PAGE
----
The next CEO of the Desert Healthcare District must have excellent skills at organizational transformation and communication. The current district board and staff have been rocked by the turmoil of a lawsuit by a director against the district and the CEO with the predictable result of organizational dysfunction. Recalling my studies for an MBA in healthcare, the district board needs to refocus, and by that I mean the process of establishing vision, mission, goals, objectives, and then determining strategy and tactics to achieve those goals. Few people would disagree that the American healthcare system is in a state of flux. It is the job of the district board to organize and direct the organization and resources to achieve the maximum benefit for the taxpayers and citizens. The new CEO must be ready on day one to work under the direction of the board to get the job done. Track record of competence and caring; results-oriented Personal insight - one who isn’t as concerned with titles or power structures as they are about the welfare of the community One who seeks feedback from staff and others including community leaders. Courage - willingness to look at risk and act on what is the right thing to do, not just for today, for the long term. Tackle bad news head on. Foresight - someone who has a vision for the future; leadership as opposed to management. The next CEO qualities I would like to see are leadership, flexibility, task oriented and accountability to district residents for decisions made on their behalf. Improving community relations with community leaders and residents by more interaction and visibility. I would encourage through the press and all other media sources, residents to attend meetings and offer their concerns and comments on the health care of our district. Rather than the district telling us what we need, listening to residents that use health services fits more with our Mission Statement. The next CEO should be able to relate to a classic asset change of control model whereby the hospital has been partially monetized and its community mission somewhat replaced by the corpus associated with a new foundation, in this case, the district. Therefore, the individual should have some history and background associated with hospital operations and healthcare in general together with some but not overweighed experience in a public health environment. The ideal candidate because of the size and scope of the position should have an extensive background in finance with an aspiration in the pursuit of a CEO role of a marginally active district. To that end, an individual with hands-on experience in a California district environment would be very helpful. In addition, the usual and customary things that you would expect such as high professional character, honesty, loyalty, bravery, team leader should be warmly looked upon as values presented by an applicant. This column left blank because of blog format text. Running the Healthcare District of tomorrow requires someone who understands the role and rules of public agencies. I also expect them to have an understanding of our changing healthcare system as brought about by the Affordable Care Act and evolving market conditions. Healthcare is one of the largest and most important businesses in the Coachella Valley. A coalition and consensus builder will be important attributes for our next CEO. The Healthcare District CEO must be a strategic thinker who understands the connections and relationships among various stakeholders and how the District’s work fits into the big picture. The CEO must have a systems perspective, looking at the health of the community as a whole and must consider the past, present and possible future challenges and opportunities when making plans and decisions. I would seek a candidate with excellent results-oriented problem-solving skills and exceptional communications skills. The candidate must be an effective change agent, who drives for better and more innovative ways to improve the health of the community. The CEO must commit to sustained, effective change while consistently re-evaluating the status quo with a focus on value-added activities in a constantly changing environment. The role of the District CEO is to provide leadership and guidance in order to achieve the agency’s mission, strategy, and annual goals and objectives. It should also be noted that the new CEO will be the primary manager of both the possible expansion of the Desert District and the possible renegotiation/renewal of the hospital lease. My ideal candidate should have exceptional communication skills (listening and transmitting information), coupled with a passion for providing high quality healthcare in a collaborative effort — not only with the 5 elected officials of the District Board but with all the other key players in the district. To achieve this, he or she must understand the objectives of the District, be creative in assembling and synthesizing the varied recommendations, and work collaboratively to implement them in the most efficient and effective way possible.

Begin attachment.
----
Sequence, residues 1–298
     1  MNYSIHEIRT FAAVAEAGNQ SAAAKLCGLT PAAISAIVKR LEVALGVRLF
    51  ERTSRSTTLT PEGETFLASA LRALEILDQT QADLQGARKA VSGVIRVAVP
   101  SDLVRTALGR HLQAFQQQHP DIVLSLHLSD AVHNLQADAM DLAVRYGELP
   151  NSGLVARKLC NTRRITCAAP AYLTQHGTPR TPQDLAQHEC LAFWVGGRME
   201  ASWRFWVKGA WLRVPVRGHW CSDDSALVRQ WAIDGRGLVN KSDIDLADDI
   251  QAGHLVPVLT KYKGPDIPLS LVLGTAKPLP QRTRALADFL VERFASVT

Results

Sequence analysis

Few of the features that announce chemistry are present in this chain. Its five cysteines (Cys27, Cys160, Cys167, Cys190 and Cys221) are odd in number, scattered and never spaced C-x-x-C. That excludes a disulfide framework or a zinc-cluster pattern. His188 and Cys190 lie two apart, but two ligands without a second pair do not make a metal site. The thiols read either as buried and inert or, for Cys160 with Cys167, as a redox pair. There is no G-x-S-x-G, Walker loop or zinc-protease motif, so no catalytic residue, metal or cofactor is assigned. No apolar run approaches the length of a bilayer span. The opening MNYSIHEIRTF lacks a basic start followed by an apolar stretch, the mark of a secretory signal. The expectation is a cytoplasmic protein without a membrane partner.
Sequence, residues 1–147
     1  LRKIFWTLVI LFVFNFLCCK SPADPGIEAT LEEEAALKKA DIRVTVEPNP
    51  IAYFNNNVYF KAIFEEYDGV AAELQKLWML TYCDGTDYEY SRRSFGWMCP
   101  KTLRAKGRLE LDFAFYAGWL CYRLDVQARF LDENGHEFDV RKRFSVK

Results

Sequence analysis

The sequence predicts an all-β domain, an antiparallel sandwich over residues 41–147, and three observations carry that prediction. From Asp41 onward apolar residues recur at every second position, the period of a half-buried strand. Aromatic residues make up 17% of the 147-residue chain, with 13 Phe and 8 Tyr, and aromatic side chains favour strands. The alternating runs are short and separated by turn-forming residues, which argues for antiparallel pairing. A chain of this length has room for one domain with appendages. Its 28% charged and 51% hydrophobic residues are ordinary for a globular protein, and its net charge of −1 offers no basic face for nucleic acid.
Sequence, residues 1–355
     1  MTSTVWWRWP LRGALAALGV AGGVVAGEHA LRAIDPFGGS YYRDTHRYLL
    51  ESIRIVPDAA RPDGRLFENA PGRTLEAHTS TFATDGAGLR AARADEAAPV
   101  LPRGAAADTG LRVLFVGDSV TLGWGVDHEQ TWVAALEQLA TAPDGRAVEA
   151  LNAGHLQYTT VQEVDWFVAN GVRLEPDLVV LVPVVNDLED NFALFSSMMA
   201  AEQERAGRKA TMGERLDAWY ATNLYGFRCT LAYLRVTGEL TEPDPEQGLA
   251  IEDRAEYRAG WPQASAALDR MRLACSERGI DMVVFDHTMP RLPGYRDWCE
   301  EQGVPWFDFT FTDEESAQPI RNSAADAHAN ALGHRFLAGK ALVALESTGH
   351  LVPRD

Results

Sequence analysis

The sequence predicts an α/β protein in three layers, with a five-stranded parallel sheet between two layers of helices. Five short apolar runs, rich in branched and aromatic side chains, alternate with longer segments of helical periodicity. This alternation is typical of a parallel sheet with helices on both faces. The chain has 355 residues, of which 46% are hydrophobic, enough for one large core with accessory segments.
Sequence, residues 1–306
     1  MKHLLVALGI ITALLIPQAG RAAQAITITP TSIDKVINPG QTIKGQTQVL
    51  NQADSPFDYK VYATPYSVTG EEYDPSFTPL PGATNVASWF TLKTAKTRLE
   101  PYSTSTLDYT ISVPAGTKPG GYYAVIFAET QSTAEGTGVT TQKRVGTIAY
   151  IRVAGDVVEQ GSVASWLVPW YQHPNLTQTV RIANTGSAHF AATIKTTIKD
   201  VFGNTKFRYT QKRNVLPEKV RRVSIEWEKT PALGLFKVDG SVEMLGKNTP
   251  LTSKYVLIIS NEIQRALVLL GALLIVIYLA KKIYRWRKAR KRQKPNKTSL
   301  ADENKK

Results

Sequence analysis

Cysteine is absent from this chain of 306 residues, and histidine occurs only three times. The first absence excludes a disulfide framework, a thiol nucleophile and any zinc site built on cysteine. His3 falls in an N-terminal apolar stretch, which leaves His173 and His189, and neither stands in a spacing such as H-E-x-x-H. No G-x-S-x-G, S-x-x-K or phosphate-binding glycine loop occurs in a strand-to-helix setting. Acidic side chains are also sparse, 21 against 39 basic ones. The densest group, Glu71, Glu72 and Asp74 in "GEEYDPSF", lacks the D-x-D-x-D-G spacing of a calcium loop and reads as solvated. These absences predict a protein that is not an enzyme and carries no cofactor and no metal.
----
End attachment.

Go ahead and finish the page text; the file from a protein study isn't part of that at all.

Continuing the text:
Assess Tenet’s performance running Desert Regional Medical Center. Should Tenet be given approval to operate the hospital beyond 2027?
This extremely important question cannot be fully addressed in a brief response. According to reporting from the Desert Sun over the last couple of years, and the recent one star rating by Medicare, there should be intense scrutiny regarding the administration of Desert Regional Medical Center. After my 12 years of service here, it is obvious to me that Palm Springs and much of the Coachella Valley considers DRMC as “their community hospital.” As the only regional provider of trauma care, neonatal intensive care, and other vital services the hospital is incredibly important for providing healthcare to residents and also assuring that quality care is available to outsiders who choose to visit or become seasonal residents. I have no doubt whatsoever that DRMC can and should do better and I believe it is the duty of the Desert Healthcare District to provide oversight to ensure that high level quality is provided. Tenet has done a fair job in running Desert Regional Medical Center. The hospital has scored high in joint replacement surgery and gall bladder removal; The Comprehensive Community Cancer Program is excellent. The hospital received a gold+ award from the American Heart Association for treatment of congestive heart failure: and of course, the trauma Level II services are vital to our community. That said, there is room for improvement. Several agencies including the Federal Government have given the hospital a low overall rating. I believe it is too early to make a decision on the lease extension of 2027. We have time to measure and weigh our options. This should be accomplished with community partners involvement and the process should be as transparent as possible. The predictions for population growth over the next 11 years indicate tremendous population growth for the Coachella Valley and it will be essential that we be prepared to take on the needs of our growing communities. Tenets performance: I have given that a lot of thought and have talked to residents that have been there recently. My concerns are the long wait time in the emergency room, the reception area not being welcoming and helpful, elevators not working and the physical appearance and crowding of some floors and rooms. To my knowledge, Tenet has spent limited money compared to the income they receive from this facility doing any kind of upgrades or improvements. Particularly the East Wing, Lobby and Emergency Room. Their patient satisfaction is low compared to other county hospitals. I would like to see a Desert Hospital Urgent Care located by the hospital as an option for patients to alleviate the emergency room’s overcrowding and improving patient relations. A comprehensive Urgent Care to include Mental Health. I am not aware of any concrete proposals from Tenet at this time. It is in the District’s best interest to have in place a long-term agreement to deal with the very challenging strategic and operating matters it now faces with the hospital. The hospital needs to deal with significant strategic matters such as master planning for purposes of facility modernization, emergency room expansion, together with the resolution of any seismic issues. These fairly daunting matters cannot be dealt with in a vacuum nor within the context of a remaining 10-year lease alone. The healthcare environment is changing more today than ever before. The transformation of structure, operations and interests are all very time sensitive. For these reasons, again it is in the District’s best interest to move on and expeditiously deal with this situation. This column left blank because of blog format text. That will be determined by District Voters. The only way Tenet can be given approval to operate the hospital beyond 2027 is for a majority of voters in the Healthcare District to approve in a public vote. As it stands today, or as it will look if the voters approve expansion into the East Valley as AB 2414 proposes, we are going to need a tremendous amount of money for capital investment. The only way to do that is thru a compelling strategy created by healthcare leaders in the valley that is approved by a majority of voters in the Desert Healthcare District. If we eliminate a partnership with an entity such as Tenet we put the entire burden on the taxpayers of the district. We lose not just the capital investment made in hospital equipment and facilities, but also the property tax payments. The hospital reported better than average performance in the ED, and for procedures delivered to people who experienced a stroke. However, the hospital has one star out of five in the Hospital Compare Report. The Healthgrades report indicated that 68% of patients who received care at the hospital would definitely recommend the hospital, slightly below the national average. People who experienced a stroke, heart attack, respiratory failure, or sepsis had higher than expected mortality rates, which indicates an opportunity for improvement in the quality of care delivered at the hospital. There are 11 years left on the current lease. The new Board should take its time, and make an informed decision on the future of the hospital. Any future agreement must ensure that a percentage of profits generated by the hospital are reinvested into the hospital, and on services that will improve the health and wellbeing of our community. Although the District Board does not manage Desert Regional Medical Center (DRMC), it has a responsibility to ensure the hospital provides high quality affordable care to District residents. The current lease with Tenet Healthcare does not expire until 2027, however, the District Board can represent the community to help identify issues and to improve the quality of care and service at the DRMC. The low score from the Centers for Medicare and Medicaid Services is concerning, but it needs to be put in the context of other health scorecards such as those from the Leapfrog Group, Consumer Reports, Healthgrades, US News and World Reports, etc. Each of these scorecards gives us information about the quality of care and service at DRMC. Tenet should use this information, as well as its own assessment activities, to continually improve. Two services I think Tenet should add are inpatient psychiatry beds and more beds in the Emergency Department.